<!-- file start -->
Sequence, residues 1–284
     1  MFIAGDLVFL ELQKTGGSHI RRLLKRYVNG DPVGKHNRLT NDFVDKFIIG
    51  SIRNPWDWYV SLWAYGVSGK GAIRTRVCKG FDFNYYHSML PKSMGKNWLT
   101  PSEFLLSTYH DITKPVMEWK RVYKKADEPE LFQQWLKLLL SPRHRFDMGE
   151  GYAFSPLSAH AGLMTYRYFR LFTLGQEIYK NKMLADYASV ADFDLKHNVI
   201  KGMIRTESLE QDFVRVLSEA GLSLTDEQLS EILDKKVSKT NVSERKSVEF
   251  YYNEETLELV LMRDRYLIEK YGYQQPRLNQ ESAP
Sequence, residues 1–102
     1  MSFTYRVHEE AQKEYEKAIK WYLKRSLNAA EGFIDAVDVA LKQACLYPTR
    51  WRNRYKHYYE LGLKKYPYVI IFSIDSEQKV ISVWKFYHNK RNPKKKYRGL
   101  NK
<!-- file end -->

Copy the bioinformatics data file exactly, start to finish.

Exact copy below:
Sequence, residues 1–284
     1  MFIAGDLVFL ELQKTGGSHI RRLLKRYVNG DPVGKHNRLT NDFVDKFIIG
    51  SIRNPWDWYV SLWAYGVSGK GAIRTRVCKG FDFNYYHSML PKSMGKNWLT
   101  PSEFLLSTYH DITKPVMEWK RVYKKADEPE LFQQWLKLLL SPRHRFDMGE
   151  GYAFSPLSAH AGLMTYRYFR LFTLGQEIYK NKMLADYASV ADFDLKHNVI
   201  KGMIRTESLE QDFVRVLSEA GLSLTDEQLS EILDKKVSKT NVSERKSVEF
   251  YYNEETLELV LMRDRYLIEK YGYQQPRLNQ ESAP
Sequence, residues 1–102
     1  MSFTYRVHEE AQKEYEKAIK WYLKRSLNAA EGFIDAVDVA LKQACLYPTR
    51  WRNRYKHYYE LGLKKYPYVI IFSIDSEQKV ISVWKFYHNK RNPKKKYRGL
   101  NK